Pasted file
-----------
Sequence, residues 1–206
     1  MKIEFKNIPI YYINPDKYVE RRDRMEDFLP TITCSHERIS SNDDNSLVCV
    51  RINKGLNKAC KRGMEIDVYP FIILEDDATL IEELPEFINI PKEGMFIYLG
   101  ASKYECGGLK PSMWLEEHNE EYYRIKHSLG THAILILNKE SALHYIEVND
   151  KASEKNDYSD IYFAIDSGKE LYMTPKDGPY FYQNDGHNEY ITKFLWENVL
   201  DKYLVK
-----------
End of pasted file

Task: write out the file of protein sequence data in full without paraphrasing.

Sequence, residues 1–206
     1  MKIEFKNIPI YYINPDKYVE RRDRMEDFLP TITCSHERIS SNDDNSLVCV
    51  RINKGLNKAC KRGMEIDVYP FIILEDDATL IEELPEFINI PKEGMFIYLG
   101  ASKYECGGLK PSMWLEEHNE EYYRIKHSLG THAILILNKE SALHYIEVND
   151  KASEKNDYSD IYFAIDSGKE LYMTPKDGPY FYQNDGHNEY ITKFLWENVL
   201  DKYLVK